That’s not to say the transaction isn’t complementary. Prolexic brings Akamai a platform it can use to offer security services – something that could help defend against the downward pricing pressure faced by CDN providers. Also, Prolexic focuses on defending datacenters against denial-of-service (DOS) attacks and has enterprise networking clients – an area where Akamai is trying to expand further and was the focus of its pickup of Velocius Networks, its only other acquisition this year.

From another view, the deal is similar to Akamai’s past M&A strategy of snagging competitors before they can do too much damage. This was the case with its $268m acquisition of Cotendo, which it bought during a contentious patent battle. At about $50m in projected revenue this year, Prolexic is about the same size as Akamai’s own security business, which, like Prolexic, focuses on DOS attacks. We’ll have a longer report on this transaction in tomorrow’s 451 Market Insight.

For more real-time information on tech M&A, follow us on Twitter @451TechMnA.

MediaMath strikes twice in Akamai deal

Contact: Ben Kolada, Tejas Venkatesh

Marketing analytics startup MediaMath and CDN giant Akamai have engaged in a two-pronged deal that should help accelerate MediaMath’s already astounding growth rate. MediaMath is acquiring Akamai’s Advertising Decision Solutions assets and data cooperative, and is gaining exclusive access to Akamai’s pixel-free technology, which tracks online user behavior without using tracking pixels.

Adding to its already successful TerminalOne platform, MediaMath is picking up Akamai’s advertising data management platform and opt-in data-sharing cooperative. MediaMath says the assets will help its advertiser clients better profile audiences and predict audience behavior.

Terms of the transaction also provide MediaMath with multiyear, exclusive access to Akamai’s pixel-free technology. The traditional method for advertisers to collect user data has been to install tracking pixels on users’ computers when they access websites. However, Akamai’s pixel-free technology bypasses that strategy. Since Akamai has access to a significant portion of Web traffic through its content delivery and site acceleration services, it can directly observe user behavior. Its pixel-free technology leverages its content delivery roots to track user online behavior without the need to install tracking pixels.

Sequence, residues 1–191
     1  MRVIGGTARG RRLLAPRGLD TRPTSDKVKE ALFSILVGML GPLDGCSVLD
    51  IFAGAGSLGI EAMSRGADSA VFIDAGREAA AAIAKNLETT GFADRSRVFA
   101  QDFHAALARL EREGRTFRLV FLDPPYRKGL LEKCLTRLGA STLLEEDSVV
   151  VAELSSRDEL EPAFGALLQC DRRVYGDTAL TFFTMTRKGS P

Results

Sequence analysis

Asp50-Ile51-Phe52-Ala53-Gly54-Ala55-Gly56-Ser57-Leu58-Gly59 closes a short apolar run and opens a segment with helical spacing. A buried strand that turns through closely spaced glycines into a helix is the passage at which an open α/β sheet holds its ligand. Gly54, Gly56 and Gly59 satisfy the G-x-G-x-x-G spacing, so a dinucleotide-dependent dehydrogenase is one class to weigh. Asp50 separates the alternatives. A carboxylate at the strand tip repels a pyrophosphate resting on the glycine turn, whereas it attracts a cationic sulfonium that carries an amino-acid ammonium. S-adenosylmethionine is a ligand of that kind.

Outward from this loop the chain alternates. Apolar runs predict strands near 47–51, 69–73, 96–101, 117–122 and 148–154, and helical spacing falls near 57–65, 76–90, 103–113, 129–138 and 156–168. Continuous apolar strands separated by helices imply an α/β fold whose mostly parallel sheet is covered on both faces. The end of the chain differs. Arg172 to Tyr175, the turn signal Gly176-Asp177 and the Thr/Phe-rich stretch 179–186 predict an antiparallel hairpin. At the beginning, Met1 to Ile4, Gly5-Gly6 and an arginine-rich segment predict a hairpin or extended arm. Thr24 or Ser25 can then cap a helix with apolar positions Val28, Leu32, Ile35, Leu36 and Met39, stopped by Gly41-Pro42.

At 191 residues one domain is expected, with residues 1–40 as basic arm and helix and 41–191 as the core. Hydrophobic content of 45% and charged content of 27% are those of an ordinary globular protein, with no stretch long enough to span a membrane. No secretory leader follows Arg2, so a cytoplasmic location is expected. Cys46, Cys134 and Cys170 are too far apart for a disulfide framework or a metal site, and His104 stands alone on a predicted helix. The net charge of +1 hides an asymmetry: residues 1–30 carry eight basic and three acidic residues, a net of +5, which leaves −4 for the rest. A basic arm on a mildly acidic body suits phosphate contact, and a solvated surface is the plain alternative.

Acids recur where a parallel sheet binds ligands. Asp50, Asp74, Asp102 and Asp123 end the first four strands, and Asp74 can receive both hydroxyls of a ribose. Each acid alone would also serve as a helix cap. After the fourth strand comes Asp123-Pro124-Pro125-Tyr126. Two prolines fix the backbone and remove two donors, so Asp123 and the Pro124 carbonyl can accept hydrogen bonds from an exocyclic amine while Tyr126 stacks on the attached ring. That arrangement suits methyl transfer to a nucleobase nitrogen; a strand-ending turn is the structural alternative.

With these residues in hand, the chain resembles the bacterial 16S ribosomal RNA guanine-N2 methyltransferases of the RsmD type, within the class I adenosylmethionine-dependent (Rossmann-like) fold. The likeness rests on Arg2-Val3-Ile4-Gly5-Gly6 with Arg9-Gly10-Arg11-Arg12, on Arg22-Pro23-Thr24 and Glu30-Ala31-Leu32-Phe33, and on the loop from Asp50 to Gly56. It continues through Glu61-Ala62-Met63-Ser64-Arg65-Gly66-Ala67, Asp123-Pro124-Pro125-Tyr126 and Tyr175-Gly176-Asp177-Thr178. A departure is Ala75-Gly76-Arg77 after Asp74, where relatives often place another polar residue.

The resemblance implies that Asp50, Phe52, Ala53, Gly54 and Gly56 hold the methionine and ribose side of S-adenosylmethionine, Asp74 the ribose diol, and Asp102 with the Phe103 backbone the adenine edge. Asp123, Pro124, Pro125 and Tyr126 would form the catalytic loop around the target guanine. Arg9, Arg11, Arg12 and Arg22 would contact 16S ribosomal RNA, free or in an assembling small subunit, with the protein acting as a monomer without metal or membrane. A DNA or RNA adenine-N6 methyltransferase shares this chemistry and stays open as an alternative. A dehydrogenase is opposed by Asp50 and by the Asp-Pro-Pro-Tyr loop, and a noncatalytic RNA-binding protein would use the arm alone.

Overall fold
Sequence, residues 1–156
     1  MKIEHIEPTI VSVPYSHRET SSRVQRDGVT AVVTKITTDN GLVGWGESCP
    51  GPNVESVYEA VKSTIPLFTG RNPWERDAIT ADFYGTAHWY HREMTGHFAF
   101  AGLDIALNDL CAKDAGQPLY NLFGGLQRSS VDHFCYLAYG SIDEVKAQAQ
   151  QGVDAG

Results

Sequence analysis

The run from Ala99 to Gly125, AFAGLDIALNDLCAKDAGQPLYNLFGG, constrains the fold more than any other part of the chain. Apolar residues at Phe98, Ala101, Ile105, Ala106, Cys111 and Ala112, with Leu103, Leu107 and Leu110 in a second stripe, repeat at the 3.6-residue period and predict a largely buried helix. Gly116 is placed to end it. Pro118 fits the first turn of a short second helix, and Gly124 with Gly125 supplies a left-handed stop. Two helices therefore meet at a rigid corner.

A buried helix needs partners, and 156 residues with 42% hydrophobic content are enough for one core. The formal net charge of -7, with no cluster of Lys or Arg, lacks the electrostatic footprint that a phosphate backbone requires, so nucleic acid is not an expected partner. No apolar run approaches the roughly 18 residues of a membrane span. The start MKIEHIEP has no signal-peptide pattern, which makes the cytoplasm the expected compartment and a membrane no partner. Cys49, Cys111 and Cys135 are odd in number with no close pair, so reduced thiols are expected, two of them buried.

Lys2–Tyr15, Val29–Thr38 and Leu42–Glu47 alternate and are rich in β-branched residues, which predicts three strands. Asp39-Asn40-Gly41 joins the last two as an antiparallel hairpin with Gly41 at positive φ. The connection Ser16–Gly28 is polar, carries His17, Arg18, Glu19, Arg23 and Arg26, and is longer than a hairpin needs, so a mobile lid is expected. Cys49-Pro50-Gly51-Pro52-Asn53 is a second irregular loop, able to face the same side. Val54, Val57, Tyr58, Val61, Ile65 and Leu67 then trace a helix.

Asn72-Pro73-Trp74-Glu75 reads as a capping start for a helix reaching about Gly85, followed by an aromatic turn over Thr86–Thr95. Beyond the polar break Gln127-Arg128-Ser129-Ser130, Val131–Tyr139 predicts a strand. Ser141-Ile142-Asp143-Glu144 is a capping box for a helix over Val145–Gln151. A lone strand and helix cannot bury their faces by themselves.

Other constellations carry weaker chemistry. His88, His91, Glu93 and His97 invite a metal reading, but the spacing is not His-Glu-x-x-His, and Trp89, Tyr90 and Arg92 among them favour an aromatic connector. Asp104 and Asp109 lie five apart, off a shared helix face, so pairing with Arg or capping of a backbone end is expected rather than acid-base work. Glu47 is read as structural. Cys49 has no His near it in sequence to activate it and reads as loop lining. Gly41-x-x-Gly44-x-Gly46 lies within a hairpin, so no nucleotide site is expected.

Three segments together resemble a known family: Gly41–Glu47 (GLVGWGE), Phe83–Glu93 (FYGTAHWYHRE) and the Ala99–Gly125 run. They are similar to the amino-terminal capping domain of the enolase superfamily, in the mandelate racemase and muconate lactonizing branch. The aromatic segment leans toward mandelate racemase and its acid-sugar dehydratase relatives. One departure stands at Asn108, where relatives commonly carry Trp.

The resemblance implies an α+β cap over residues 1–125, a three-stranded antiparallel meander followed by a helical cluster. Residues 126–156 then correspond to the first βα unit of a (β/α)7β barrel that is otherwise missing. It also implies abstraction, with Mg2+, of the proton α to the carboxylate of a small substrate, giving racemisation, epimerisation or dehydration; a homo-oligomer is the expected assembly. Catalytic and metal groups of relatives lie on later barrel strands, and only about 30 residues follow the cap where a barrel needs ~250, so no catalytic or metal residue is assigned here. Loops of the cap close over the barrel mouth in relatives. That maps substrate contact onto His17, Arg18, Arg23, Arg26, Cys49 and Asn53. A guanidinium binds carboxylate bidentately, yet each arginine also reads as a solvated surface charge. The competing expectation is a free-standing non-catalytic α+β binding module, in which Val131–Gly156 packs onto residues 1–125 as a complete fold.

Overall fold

We’d note that even before the addition of Akamai’s assets, MediaMath had done quite well for itself. With primarily organic growth, the company, founded in 2007, grew revenue last year to $180m, more than double the $78m it recorded in 2011.

For more real-time information on tech M&A, follow us on Twitter @MAKnowledgebase.

Fortinet acquires CDN software startup XDN

Contact: Tejas Venkatesh

Unified threat management vendor Fortinet has acquired four-year-old startup XDN, adding software that is used for building and managing CDNs. The deal helps Fortinet closely tie its security and WAN optimization services with content acceleration software from XDN, thereby providing a distributed, cloud-based approach to adapt effectively to disruptive attack traffic.

Fortinet’s move comes as companies like Akamai have fortified their security lineups with cloud-based Web application firewall and other related services. Fortinet did not disclose terms of the deal. In fact, it was XDN that announced the transaction in a blog post, almost a month after my colleague Jim Davis wrote about the deal. XDN raised about $7m in funding from Storm Ventures and Canaan Partners. For a full report on the acquisition, click here.

For more real-time information on tech M&A, follow us on Twitter @MAKnowledgebase.

Shallow pool in mobile optimization becoming shallower

Contact: Ben Kolada

After Allot Communications dipped its toes into the pool of mobile optimization targets by acquiring small Ortiva Wireless, Citrix cannonballed with the acquisition of Bytemobile. These two deals significantly drained the already shallow pool of acquisition targets in this market. Interested buyers should dismiss the ‘don’t run when wet’ precaution, and jump in before there’s no water left.

Consumers are buying data-intensive devices in droves, and data consumption is exploding as a result. Because seamless data use is considered a right rather than a privilege these days, cell carriers unable to provide flawless transmission risk customer desertion. Tackling this concern, mobile operators are employing every option available to relieve their bandwidth bottlenecks, including relying on a new breed of mobile traffic optimization firms.

As these upstarts emerge as viable solutions, they’re becoming increasingly attractive acquisition targets both for the vendors that traditionally have served telcos, and for non-traditional vendors hoping to pull in cash-rich telco customers.